22. To address the threat posed by infectious diseases, we support the Global Health Security Agenda and commit to working with partner countries to strengthen compliance with the World Health Organisation’s (WHO) International Health Regulations and enhance health security around the world. We commit to working across sectors to prevent, detect and respond to infectious diseases, whether naturally occurring, accidental, or the result of a deliberate act by a state or non-state actor. That includes building global capacity so that we are better prepared for threats such as the recent Ebola outbreak in West Africa and working together, in close cooperation with WHO, to develop a Global Action Plan on antimicrobial resistance.

23. We continue to strongly support comprehensive approaches to achieve global food security and nutrition. We look forward to the second International Conference on Nutrition in November 2014 and the Expo Milan 2015, which will provide a platform for the global post-2015 debate on sustainability and food and nutrition security. We continue to support the New Alliance for Food Security and Nutrition under strong African leadership and the successful completion of principles for responsible agricultural investment by the Committee on World Food Security. These will better enable smallholder farmers, especially women, to benefit from sustainable rural development. We continue to support the consistent implementation of the Voluntary Guidelines on Responsible Governance of Tenure of Land, Fisheries and Forests, including by building on the land partnerships we launched in 2013 and the Global Agriculture and Food Security Programme.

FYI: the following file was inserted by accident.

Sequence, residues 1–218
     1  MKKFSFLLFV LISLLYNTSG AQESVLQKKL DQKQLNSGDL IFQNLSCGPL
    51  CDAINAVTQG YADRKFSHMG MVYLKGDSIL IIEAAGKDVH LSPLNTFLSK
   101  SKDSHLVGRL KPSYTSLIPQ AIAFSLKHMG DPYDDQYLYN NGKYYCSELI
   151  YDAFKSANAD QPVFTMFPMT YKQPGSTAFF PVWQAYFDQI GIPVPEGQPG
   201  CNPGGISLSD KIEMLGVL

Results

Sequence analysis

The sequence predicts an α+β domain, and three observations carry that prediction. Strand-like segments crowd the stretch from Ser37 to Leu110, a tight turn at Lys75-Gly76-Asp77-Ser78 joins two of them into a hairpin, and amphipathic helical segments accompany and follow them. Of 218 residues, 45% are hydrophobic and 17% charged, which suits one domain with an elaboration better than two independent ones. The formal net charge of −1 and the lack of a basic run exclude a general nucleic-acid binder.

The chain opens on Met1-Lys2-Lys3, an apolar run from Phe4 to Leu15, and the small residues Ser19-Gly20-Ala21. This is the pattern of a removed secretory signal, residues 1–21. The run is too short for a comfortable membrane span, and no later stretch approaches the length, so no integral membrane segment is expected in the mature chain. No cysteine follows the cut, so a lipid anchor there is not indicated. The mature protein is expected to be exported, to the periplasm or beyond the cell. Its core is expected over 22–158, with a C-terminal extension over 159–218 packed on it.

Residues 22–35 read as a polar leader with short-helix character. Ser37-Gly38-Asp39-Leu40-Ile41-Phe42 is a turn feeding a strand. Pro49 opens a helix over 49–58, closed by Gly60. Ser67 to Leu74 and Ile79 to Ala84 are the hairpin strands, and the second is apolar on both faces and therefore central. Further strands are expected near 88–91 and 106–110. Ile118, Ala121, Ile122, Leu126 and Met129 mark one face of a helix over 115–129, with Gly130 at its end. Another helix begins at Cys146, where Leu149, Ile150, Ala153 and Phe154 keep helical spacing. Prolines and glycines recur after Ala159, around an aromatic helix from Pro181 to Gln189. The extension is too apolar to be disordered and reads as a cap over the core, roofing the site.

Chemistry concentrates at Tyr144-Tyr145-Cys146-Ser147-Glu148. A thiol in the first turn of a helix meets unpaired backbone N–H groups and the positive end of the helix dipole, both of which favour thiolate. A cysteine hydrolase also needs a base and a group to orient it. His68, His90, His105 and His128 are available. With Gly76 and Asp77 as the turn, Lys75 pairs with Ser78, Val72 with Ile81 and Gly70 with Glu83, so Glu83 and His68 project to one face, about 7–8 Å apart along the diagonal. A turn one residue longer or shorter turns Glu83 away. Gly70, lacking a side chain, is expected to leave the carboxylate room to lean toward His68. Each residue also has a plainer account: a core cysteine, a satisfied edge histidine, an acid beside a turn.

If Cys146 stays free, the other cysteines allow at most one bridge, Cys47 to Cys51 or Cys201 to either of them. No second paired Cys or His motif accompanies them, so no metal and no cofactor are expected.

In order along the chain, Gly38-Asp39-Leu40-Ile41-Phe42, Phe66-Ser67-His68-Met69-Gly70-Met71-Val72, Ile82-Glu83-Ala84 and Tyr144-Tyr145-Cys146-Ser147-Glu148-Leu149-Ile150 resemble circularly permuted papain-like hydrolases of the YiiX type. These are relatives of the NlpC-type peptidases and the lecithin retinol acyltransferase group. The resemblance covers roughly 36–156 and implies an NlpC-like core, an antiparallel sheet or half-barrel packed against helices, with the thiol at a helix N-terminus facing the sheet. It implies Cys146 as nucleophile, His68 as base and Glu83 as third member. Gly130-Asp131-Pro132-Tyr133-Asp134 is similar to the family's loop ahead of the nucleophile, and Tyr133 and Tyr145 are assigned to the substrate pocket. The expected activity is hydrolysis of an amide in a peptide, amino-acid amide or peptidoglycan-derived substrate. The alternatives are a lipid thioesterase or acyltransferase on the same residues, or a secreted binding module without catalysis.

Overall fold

Ukraine

24. We welcome the successful conduct under difficult circumstances of the election in Ukraine on 25 May. The strong voter turnout underlined the determination of Ukraine’s citizens to determine the future of their country. We welcome Petro Poroshenko as the President-elect of Ukraine and commend him for reaching out to all the people of Ukraine.